Picking losers in the stock markets was once among the favourite, and most feared, tools employed by hedge funds. Today, many fund managers are struggling to make the strategy work and are desperate for market conditions to change.
Carvana, one of the US’s most-shorted stocks, has doubled its share price so far this year, stinging funds that had doubted the prospects of the self-styled “Amazon of used cars”.
Aerospace company TransDigm Group, identified by high-profile short-seller Andrew Left as a key candidate for a decline, dipped during the wider market’s sell-off late last year but has otherwise been on the rise for a long time, including a 40 per cent gain this year.
These and other flubs for short-sellers highlight how tough it is to bet against listed companies in an era of easy money. A decade of rising stock markets that took the S&P 500 to a new record high on Tuesday has been a tough backdrop. In particular, managers say a ‘dash for trash’, fuelled by trillions of dollars of quantitative easing by central banks, has pushed up poorer quality stocks, making it harder for asset managers to profit from fundamental analysis.
Shorting — which involves borrowing shares, selling them in the market, and then buying them back at what funds hope will be a lower price — is “one of the hardest and most complex aspects” of investing and “will cost you a lot if you get it wrong”, says Daniel Caplan, managing director in Citi’s prime finance business.
“In a more benign macro environment . . . it’s natural that short selling has not been in vogue or paid off,” he says.
Among the most painful negative bets this year, according to data group Breakout Point, are Greece’s Piraeus Bank, which has rallied about 115 per cent and which has been shorted by funds including London-based Lansdowne Partners. Italian asset manager Azimut Group, also targeted by bears, has gained 80 per cent.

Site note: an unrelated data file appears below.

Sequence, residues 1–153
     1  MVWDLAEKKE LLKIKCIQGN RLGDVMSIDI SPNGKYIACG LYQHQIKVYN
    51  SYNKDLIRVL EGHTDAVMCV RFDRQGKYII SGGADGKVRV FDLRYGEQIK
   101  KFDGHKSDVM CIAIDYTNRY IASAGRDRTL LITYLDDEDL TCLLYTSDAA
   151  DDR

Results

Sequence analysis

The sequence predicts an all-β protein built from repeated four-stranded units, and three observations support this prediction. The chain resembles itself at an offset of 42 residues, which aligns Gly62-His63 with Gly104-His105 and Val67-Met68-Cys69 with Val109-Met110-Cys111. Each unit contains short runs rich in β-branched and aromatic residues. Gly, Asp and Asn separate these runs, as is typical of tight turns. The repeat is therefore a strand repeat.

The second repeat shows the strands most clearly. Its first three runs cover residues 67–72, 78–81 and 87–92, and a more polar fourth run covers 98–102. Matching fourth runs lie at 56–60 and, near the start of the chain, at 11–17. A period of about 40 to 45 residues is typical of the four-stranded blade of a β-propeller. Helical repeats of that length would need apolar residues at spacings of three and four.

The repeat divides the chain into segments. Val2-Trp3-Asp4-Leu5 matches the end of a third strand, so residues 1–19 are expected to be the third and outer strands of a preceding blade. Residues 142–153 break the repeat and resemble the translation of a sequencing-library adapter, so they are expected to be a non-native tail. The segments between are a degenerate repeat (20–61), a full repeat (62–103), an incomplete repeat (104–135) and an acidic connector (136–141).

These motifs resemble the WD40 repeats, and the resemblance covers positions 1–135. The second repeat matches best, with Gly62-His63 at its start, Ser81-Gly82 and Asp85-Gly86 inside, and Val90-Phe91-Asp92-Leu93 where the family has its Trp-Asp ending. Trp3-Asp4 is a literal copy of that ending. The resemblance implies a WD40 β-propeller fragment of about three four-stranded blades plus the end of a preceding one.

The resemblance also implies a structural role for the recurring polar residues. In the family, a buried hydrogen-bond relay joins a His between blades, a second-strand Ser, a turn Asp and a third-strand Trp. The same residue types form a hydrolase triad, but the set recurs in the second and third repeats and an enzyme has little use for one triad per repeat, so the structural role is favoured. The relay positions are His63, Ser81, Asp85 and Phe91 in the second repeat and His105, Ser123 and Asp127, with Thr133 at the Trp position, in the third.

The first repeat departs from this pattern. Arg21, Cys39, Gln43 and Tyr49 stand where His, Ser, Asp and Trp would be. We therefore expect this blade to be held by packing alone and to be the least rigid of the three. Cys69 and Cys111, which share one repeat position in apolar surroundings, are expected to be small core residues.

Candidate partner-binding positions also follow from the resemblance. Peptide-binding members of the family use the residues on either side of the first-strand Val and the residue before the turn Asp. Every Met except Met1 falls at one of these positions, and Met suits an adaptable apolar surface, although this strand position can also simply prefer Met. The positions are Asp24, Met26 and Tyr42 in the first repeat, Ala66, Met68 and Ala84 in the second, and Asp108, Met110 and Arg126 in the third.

Lansdowne’s Peter Davies and Jonathon Regis attempted to explain some of the fund’s indifferent performance in a letter to investors, seen by the Financial Times, earlier this year. In it, they wrote: “Investors seemed willing to ignore obvious structural questions (particularly in US consumer areas) for much of the year, given immediate cyclical strength.”
Lansdowne’s main fund lost 7.4 per cent last year, although it is up 2.1 per cent this year.
Another popular short, the retail sector, is not paying off either. Retail stocks within Europe’s Stoxx 600 index account for the heaviest concentration of short interest, according to data compiled by Citi, as funds bet on more pain for shops on the High Street. However, that sub-index has rallied more than 20 per cent this year, well above the broader index’s 16 per cent gain.
Conditions today are a far cry from short-sellers’ heyday in the financial crisis, when funds such as John Paulson’s Paulson & Co and Lansdowne made millions betting against stricken bank stocks.
“Short selling is regime-dependent,” says Paul Marshall, chief investment officer and founding partner of Marshall Wace, one of the world’s biggest hedge funds with $39bn in assets. The fund hit a jackpot in February when three stocks it was shorting posted the biggest one-day falls on the UK stock market.
In theory, the shorts should be due a revival. Monetary easing has helped keep alive some companies that would have died without access to cheap finance. The ending of QE should mean greater sifting of stocks.
Data from SYZ Asset Management shows that the correlation between stocks has generally been higher after the credit crisis than before it, making it hard for hedge funds to make money by targeting individual stocks. But correlation has been falling in recent years and, while it picked up sharply in the recent market rally, is still just below its post-crisis average.
“We are . . . back to fundamental-driven markets where short selling makes sense again,” says Cedric Vuignier, head of alternative investments at SYZ. Earlier this year hedge fund manager Crispin Odey agreed, saying the market was beginning to “differentiate” again between good and bad companies.
Not all short-sellers are struggling. Some have been able to profit from vocal, activist campaigns, backed by detailed research, usually targeted at a relatively small number of companies.
Carson Block’s Muddy Waters — famed for a 2011 campaign against China’s Sino-Forest, which later filed for bankruptcy — was up about 20 per cent last year. Spruce Point Capital, which manages about $200m and which has vocally targeted stocks including Carvana and Aerojet Rocketdyne, was up about 25 per cent.
However, even some of these funds would welcome a change in market conditions.
“Part of what’s causing this [market] overvaluation is low [interest] rates for too long a time,” says Ben Axler, founder of Spruce Point. “Rising rates would certainly dent the market rally. Corrections are healthy.”
Additional reporting by Lindsay Fortado